Joseph Mallord William Turner was born in Covent Garden, London, in 1775. In 1789, at the age of 14, he entered the Royal Academy of Art and one year later his watercolour painting A View of the Archbishop's Palace, Lambeth was accepted for exhibition.
As a young man Turner travelled Europe and spent some time studying in the Louvre, Paris, before returning to Britain to pursue his career.
Turner was thought of as a controversial man during his life. He had few close friends and never married, although he is thought to have been the father of two daughters born to his lover, Sarah Danby.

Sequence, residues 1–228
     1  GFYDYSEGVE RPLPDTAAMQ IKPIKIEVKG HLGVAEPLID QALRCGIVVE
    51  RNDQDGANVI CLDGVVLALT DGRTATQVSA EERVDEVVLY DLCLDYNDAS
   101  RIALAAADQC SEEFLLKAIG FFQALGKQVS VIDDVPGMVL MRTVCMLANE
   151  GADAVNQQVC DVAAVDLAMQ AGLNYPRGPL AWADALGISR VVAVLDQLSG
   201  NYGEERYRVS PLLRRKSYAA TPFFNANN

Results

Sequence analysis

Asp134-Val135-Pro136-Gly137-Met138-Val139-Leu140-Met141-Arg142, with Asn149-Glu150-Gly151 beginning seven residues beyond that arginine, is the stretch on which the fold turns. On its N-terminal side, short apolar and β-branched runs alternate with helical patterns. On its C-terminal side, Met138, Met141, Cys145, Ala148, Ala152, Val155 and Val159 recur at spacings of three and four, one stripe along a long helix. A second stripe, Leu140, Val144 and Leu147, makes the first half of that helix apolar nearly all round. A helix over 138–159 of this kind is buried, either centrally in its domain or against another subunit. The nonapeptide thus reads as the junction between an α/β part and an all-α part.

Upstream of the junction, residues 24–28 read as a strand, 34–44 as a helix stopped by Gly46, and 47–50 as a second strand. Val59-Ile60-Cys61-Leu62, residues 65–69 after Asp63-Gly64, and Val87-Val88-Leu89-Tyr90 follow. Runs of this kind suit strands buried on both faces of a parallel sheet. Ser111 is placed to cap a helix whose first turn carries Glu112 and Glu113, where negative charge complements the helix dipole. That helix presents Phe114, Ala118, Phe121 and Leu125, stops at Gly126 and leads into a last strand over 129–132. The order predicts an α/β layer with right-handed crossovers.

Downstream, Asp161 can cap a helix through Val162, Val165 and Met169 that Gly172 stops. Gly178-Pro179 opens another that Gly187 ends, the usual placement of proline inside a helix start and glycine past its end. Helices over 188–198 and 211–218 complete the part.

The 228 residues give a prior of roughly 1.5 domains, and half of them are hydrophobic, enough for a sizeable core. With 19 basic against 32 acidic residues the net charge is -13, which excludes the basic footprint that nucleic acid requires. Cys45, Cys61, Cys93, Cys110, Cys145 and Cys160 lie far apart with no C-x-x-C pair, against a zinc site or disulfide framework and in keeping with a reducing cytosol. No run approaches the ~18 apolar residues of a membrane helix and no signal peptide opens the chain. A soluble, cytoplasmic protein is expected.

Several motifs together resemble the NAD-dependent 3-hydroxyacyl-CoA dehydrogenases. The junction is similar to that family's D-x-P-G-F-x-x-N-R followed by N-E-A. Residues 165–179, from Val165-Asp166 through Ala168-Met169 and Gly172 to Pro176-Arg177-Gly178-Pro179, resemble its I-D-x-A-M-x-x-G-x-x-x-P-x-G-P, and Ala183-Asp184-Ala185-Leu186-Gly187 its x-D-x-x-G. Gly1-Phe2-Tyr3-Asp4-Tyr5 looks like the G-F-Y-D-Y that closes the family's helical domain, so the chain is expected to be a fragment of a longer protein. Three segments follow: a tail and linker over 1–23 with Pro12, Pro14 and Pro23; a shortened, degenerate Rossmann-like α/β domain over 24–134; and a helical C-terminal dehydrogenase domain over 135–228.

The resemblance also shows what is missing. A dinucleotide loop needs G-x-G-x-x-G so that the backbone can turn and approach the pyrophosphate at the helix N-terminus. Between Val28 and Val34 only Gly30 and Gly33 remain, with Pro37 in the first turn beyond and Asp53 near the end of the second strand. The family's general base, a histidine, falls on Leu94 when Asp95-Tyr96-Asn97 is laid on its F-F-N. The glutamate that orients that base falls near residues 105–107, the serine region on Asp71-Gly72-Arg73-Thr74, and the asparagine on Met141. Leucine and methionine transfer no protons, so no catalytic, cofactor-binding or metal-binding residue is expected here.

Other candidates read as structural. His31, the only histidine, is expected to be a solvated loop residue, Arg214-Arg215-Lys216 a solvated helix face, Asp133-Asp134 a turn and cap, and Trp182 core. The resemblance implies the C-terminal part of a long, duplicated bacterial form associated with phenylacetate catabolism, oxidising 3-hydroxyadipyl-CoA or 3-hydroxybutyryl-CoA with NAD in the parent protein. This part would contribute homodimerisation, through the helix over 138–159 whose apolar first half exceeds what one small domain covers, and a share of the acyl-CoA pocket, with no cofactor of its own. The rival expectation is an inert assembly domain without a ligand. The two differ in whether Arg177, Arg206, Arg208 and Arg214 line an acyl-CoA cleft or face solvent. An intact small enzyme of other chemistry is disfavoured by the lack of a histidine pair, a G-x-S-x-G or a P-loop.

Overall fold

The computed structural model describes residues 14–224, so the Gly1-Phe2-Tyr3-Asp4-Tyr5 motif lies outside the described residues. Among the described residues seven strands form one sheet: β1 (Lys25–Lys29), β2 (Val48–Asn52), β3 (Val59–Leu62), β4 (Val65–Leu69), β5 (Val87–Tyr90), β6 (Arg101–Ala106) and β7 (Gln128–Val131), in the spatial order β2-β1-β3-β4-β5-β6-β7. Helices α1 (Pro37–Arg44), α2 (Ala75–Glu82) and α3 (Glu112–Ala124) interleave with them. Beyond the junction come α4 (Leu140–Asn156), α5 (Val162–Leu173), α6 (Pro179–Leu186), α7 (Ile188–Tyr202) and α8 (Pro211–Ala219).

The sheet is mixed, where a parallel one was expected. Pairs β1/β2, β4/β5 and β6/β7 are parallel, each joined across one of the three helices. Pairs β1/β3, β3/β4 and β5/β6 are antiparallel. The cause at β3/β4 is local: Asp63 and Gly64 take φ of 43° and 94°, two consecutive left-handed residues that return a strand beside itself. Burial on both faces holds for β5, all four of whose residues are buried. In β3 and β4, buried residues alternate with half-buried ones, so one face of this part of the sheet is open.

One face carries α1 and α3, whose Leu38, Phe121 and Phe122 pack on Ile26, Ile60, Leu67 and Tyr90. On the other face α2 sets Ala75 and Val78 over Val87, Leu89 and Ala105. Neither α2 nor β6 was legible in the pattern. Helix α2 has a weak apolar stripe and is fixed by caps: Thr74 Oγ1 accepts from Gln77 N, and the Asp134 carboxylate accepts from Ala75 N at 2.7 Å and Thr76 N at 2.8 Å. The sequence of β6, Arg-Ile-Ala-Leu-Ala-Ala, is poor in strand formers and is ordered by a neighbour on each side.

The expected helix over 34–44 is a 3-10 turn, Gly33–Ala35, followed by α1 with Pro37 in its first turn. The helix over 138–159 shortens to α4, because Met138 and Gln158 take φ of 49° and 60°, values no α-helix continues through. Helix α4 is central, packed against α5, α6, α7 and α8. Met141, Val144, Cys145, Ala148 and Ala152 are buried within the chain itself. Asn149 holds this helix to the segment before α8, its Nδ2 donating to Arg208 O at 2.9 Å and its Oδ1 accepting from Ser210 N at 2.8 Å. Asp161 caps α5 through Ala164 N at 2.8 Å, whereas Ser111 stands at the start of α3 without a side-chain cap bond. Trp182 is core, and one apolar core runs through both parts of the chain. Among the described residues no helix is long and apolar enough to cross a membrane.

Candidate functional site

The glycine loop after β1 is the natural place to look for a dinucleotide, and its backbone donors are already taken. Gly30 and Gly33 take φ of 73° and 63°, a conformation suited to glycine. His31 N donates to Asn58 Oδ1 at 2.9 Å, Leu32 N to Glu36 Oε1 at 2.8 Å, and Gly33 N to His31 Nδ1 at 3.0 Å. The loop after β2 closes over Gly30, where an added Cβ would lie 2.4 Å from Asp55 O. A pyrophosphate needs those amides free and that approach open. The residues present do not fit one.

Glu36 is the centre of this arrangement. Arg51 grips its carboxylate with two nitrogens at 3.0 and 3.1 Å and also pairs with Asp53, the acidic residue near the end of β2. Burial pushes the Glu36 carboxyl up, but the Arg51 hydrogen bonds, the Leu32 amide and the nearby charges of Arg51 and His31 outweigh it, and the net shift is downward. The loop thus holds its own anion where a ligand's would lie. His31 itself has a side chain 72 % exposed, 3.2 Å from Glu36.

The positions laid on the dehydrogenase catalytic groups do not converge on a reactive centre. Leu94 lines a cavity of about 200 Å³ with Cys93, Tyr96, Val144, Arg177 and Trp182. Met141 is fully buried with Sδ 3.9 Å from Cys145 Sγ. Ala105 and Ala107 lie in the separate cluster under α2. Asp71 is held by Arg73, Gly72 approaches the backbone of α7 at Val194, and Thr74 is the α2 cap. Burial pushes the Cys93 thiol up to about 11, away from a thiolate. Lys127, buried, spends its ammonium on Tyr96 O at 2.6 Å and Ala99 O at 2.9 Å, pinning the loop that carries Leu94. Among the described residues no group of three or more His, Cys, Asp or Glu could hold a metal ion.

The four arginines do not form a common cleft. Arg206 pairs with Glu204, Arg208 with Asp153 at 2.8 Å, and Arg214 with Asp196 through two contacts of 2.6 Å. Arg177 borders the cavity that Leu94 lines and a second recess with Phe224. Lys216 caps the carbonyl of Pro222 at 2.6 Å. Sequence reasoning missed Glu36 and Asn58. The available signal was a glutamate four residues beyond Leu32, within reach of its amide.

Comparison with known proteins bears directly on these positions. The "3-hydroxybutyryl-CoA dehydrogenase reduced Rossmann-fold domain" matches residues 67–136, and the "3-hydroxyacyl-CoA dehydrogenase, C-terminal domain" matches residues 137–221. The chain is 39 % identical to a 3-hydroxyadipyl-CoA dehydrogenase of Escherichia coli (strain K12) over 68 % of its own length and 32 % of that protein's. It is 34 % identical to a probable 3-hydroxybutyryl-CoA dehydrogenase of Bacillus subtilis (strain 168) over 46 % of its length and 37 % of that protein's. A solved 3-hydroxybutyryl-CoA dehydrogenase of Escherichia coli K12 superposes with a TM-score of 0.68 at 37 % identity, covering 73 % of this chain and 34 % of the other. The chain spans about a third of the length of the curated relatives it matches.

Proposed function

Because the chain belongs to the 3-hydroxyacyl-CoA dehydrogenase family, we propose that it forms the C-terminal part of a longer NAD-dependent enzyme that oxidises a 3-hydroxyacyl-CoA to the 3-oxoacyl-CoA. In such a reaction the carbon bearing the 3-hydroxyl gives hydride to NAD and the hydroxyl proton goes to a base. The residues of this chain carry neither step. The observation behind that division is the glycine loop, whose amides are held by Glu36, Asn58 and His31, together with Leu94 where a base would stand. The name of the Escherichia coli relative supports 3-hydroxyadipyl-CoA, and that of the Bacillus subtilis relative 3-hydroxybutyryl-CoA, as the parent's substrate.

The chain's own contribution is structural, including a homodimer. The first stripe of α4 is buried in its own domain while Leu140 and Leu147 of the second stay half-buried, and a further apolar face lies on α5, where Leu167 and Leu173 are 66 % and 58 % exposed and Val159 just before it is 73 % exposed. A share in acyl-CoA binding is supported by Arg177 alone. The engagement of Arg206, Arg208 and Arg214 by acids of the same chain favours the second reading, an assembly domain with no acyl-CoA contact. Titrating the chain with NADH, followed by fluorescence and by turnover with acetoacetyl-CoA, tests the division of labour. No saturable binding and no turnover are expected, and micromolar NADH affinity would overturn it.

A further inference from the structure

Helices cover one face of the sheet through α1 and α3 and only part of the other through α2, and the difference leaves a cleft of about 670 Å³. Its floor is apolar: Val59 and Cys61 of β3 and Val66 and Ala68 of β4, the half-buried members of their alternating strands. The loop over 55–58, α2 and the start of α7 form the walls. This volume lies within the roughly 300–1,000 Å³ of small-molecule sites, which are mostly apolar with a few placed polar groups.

Turner is considered to be the master of British watercolour landscapes and he is responsible for the popularisation of this genre, giving it equal status to the more widely accepted historical paintings.
Turner died on the 19th of December 1851, aged 76. His last words were "The Sun is God". He is buried in Saint Paul's Cathedral next to one of the founding members of the Royal Academy, Sir Joshua Reynolds.
Turner had lived near to the River Thames for most of his life, and many of his paintings of ships are inspired by scenes he had witnessed